Women inmates at a Cheshire prison are being put at risk by a lack of support during drug withdrawal and with mental health problems, a top report says.
The report said women coming off drugs did not have enough support
Chief Inspector of Prisons Anne Owers
said more must be done at Styal Prison to ensure vulnerable inmates' safety.
Although there were some improvements, a system to dispense methadone after five drug users' suspected suicides was "inadequate", she said.
Penal reform group the Howard League branded Styal "unsafe for women".
It urged the courts to consider using alternatives to custody.
The methadone programme was set up at the Wilmslow jail after six inmates were believed to have killed themselves in a single year.
All died within their first month in custody and five of them had a serious drug habit.
Ms Owers said an earlier inspection had stressed the urgent need for a proper detoxification regime in Styal's Waite wing in particular.
But the programme was set up "only after the sixth death" and "in great haste", she said.
She said a regime "focused around methadone dispensing" and lacked proper systems to make sure women could access the detoxification programme.
She told BBC News Online: "Clearly it (Styal) has improved safety but nothing was put around it - there was nothing put in support.
"A lot of women were spending up to 19 hours or more in cells and there was nothing for them to do.
"Obviously coming down from drugs that's very important. In terms of things like support and care plans there was an awful lot more to do."
Ms Owers' report also expressed concern about the use of special cells to hold disruptive prisoners, even those who self-harmed.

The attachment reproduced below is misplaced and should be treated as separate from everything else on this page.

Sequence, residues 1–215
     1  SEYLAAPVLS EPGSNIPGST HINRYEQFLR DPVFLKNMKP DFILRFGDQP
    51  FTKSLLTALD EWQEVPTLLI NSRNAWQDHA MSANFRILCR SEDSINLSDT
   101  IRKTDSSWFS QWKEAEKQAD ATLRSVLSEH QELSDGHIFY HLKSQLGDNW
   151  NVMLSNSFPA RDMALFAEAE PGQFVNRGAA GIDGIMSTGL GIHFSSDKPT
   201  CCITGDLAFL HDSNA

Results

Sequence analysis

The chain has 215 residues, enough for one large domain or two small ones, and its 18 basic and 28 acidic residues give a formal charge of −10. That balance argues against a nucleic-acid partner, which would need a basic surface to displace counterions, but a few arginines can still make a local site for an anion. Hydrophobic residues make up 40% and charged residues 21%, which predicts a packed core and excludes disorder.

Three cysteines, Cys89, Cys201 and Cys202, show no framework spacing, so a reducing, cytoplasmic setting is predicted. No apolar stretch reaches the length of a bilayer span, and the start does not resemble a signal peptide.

One woman was subjected to formal punishment after being cut down from trying to hang herself.
She added that more must be done to help women with mental health problems.
Styal was unique in having a psychiatric unit, she said, but "we have to ask whether a prison is or ever can be the right place to treat acute mental illness".
But she praised "supportive and open relationships" between staff and inmates and said progress had been made in resettling prisoners after release.
Education provision had improved and race relations were "among the best" she had seen.
Director General of the Prison Service Phil Wheatley said substantial progress had been made in detoxification provision, suicide and self-harm policies, making Styal a safer place.
A longer term review of mental health needs was under way, he said.
The Howard League for Penal Reform said courts must make greater use of community sentences.
Director Frances Crook said: "Women are not safe in Styal Prison.
"The director general of the Prison Service should make it clear that women should no longer be sent or held there.
"The prison is failing to provide a service to the public, the courts, the women and the victims."
Juliet Lyon, director of the Prison Reform Trust, described the situation as "one of the most shocking examples of institutional failure in a public service".
She said: "Styal is being used as a dumping ground for the mentally ill and drug addicts who have been failed by society."